Tyshon Booker challenges the constitutionality of Tennessee’s mandatory sentence of life
imprisonment when imposed on a juvenile homicide offender. In fulfilling our duty to
decide constitutional issues, we hold that an automatic life sentence when imposed on a
juvenile homicide offender with no consideration of the juvenile’s age or other
circumstances violates the prohibition against cruel and unusual punishment under the
Eighth Amendment to the United States Constitution. Mr. Booker stands convicted of
felony murder and especially aggravated robbery—crimes he committed when he was
sixteen years old. For the homicide conviction, the trial court automatically sentenced Mr.
Booker under Tennessee Code Annotated section 40-35-501(h)(2) to life in prison, a
sixty-year sentence requiring at least fifty-one years of incarceration. But this sentence
does not square with the United States Supreme Court’s interpretation of the Eighth
Amendment. When sentencing a juvenile homicide offender, a court must have discretion
to impose a lesser sentence after considering the juvenile’s age and other circumstances.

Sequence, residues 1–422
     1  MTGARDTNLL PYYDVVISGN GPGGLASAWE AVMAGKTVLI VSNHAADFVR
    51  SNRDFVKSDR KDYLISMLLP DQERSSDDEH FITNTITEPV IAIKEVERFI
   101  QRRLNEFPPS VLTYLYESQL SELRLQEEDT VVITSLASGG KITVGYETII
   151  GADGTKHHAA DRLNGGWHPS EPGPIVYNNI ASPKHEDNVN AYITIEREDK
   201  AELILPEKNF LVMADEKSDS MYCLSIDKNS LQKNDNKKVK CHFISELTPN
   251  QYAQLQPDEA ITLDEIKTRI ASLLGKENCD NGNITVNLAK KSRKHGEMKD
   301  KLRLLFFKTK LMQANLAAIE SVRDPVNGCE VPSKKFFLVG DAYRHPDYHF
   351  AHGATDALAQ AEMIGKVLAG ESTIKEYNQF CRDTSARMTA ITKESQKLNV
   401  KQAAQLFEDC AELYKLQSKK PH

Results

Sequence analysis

Here, the court had no sentencing discretion. In remedying this constitutional violation, we
exercise judicial restraint. We need not create a new sentencing scheme or resentence Mr.
Booker—his life sentence stands. Rather, we follow the policy embodied in the federal
Constitution as explained in Montgomery v. Louisiana, 577 U.S. 190 (2016) and grant Mr.
Booker an individualized parole hearing where his age and other circumstances will be
properly considered. The timing of his parole hearing is based on release eligibility in the
unrepealed version of section 40-35-501(h)(1), previously in effect, that provides for a term
of sixty years with release eligibility of sixty percent, but not less than twenty-five years
of service. Thus, Mr. Booker remains sentenced to sixty years in prison, and after he has
served between twenty-five and thirty-six years, he will receive an individualized parole
hearing where his age and other circumstances will be considered. Our limited ruling,
applying only to juvenile homicide offenders, promotes the State’s interest in finality and
efficient use of resources, protects Mr. Booker’s Eighth Amendment rights, and is based
on sentencing policy enacted by the General Assembly.
Judge G. Scott Green
State of Tennessee v. Tyshon Booker
Dissent or Concur
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